Lelya ended up getting the maximum jury score, but didn’t get enough televotes, which put her in second behind Melovin’s upbeat number, “Under the Ladder“.

Before there was “I Don’t Feel Hate…”

ЦеШо – Hate (Vidbir 2019)

Despite not making it out of its semi-final, Hate represents a lot what Vidbir is all about. It’s an eccentric song, sure, but it has its cute traits which make it shine.
–A simple song about things you hate? Check.
–A cacophony of operatic music, shouting, bass, and trumpet? Check.
–A chaotic staging featuring a puppet and overalls? Check.

It represents what Tsesho is as a collective; combining a mix of music, theater, puppetry, and poetry, it strives to tell about a person’s interaction with themselves and the world around them.

Maruv: Siren Song (Vidbir 2019)

With its provocative performances and alluring soundscape, Siren Song ended up winning the 2019 version of Vidbir, but is better known for what happened afterwards.

In their statement afterwards, UA: PBC announced, “The situation around the national selection this year has signs of politicization. The social resonance, attempts of pressure by political forces, intervention of cultural figures and informational structures of the aggressor state with this discussion have actually caused politicization of the results of the national selection.”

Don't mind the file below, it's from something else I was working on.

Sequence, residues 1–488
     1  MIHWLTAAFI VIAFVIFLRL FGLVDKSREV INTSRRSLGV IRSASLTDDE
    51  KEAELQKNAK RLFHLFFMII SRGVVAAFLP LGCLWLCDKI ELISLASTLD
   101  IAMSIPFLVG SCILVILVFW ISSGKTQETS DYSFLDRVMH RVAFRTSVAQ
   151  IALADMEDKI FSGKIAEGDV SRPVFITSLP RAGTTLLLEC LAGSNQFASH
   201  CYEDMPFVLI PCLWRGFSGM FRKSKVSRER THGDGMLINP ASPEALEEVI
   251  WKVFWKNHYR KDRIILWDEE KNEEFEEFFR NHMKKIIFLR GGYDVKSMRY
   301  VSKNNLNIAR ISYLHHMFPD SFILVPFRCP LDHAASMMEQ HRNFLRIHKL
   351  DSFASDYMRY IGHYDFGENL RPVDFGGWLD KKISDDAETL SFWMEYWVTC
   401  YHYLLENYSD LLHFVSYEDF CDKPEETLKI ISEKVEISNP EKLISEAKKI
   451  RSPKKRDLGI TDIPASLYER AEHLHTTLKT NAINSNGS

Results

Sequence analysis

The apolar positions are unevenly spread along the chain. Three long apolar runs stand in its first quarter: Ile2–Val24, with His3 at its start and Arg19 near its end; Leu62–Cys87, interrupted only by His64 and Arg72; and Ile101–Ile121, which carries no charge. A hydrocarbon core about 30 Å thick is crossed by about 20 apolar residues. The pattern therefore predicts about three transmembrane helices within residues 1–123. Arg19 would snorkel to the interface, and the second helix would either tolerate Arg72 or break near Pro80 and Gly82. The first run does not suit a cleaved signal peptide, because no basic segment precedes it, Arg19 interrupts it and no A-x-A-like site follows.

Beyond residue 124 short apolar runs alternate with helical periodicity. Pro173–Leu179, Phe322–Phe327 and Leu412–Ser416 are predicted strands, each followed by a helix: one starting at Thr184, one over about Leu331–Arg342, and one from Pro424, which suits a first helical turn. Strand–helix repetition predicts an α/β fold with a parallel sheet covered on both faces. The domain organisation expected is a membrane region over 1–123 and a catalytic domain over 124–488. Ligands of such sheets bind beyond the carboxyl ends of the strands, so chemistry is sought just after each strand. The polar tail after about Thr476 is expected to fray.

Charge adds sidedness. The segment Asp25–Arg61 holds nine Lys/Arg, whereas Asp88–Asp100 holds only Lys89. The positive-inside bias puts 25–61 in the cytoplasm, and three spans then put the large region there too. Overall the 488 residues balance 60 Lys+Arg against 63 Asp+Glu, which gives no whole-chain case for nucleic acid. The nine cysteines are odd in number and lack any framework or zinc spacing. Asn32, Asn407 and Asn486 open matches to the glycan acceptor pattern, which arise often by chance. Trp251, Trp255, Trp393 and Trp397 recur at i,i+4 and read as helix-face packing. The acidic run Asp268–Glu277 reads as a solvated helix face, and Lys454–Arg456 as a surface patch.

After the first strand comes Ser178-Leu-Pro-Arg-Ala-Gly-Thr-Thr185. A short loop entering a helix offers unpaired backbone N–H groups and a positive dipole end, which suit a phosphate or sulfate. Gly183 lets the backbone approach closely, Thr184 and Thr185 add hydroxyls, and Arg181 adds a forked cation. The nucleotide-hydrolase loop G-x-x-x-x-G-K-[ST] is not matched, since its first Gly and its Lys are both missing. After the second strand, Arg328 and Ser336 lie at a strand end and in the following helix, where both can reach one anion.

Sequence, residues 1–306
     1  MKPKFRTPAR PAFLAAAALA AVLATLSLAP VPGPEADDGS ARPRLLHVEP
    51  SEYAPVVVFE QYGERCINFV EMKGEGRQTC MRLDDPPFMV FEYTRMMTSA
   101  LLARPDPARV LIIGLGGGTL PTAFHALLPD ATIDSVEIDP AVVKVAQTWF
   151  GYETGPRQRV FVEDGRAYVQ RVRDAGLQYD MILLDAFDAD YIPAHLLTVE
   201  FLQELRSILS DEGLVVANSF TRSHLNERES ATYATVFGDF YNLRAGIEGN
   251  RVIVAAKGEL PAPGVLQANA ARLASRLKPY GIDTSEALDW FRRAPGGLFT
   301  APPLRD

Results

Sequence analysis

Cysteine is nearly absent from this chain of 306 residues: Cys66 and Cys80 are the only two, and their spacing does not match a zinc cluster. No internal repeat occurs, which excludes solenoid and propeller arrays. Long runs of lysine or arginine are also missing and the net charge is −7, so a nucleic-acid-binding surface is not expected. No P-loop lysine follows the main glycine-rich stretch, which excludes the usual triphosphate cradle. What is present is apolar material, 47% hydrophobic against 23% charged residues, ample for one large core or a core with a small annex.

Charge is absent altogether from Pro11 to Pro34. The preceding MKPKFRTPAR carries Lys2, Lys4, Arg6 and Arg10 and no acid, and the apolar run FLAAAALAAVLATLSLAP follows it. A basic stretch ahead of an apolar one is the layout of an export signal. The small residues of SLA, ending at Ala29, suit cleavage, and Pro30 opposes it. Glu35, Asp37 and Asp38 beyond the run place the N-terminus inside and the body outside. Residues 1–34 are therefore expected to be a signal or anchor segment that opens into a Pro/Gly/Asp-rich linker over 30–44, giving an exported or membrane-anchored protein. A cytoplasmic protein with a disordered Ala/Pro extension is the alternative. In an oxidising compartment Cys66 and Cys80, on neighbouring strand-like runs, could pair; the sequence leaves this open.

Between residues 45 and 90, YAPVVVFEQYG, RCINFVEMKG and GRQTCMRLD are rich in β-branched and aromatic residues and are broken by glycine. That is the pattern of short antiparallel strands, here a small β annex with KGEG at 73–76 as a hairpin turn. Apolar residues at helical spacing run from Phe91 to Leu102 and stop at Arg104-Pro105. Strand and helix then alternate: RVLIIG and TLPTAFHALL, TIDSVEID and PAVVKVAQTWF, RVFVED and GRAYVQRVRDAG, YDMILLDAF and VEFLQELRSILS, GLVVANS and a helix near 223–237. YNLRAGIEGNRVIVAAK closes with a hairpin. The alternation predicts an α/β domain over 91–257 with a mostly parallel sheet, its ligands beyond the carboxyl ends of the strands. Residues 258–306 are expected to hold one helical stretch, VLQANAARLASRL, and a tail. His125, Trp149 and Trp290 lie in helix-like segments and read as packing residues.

As the conflict in eastern Ukraine continued, Maruv was asked about her concerts in Russia, and several contestants, mostly Russian-speaking, were further interrogated about their ties to the country. When Maruv won, the broadcaster made her sign a contract in which she had to cancel her shows in Russia, amongst other things. She declined, and both second and third placers refused, leading to no Ukrainian entry for Eurovision 2019. It also led to a subsequent rule where none of the entrants could perform in Russia or travel to Crimea years prior.

KRUTЬ – 99 (Vidbir 2020)

While Go_A managed to shake up Europe with Shum this year, and won Vidbir 2020 with the song “Solovey” (which was the first song to win both the jury and the televote), another notable contender is the gentle and whimsical “99”.

Like with Go_A, Maryna Krut mixes traditional music with modern sounds, but unlike with the former, has a more low-key vibe throughout it all. She is also known for her work with the bandura, which is a traditional Ukrainian string instrument blending similar sounds from the harp and lute.

A playlist of all the songs for this year’s Vidbir. Which one is your favorite?

Ukraine will select its representative for Eurovision 2023 on 17 December. As Ukraine won the previous year’s contest, they will still get an automatic place in the final, despite not hosting the competition due to war.

Published by Elda Mengisto

Frequent writer, aspiring scholar, occasional fencer. I'm a lover of all things beautiful and light.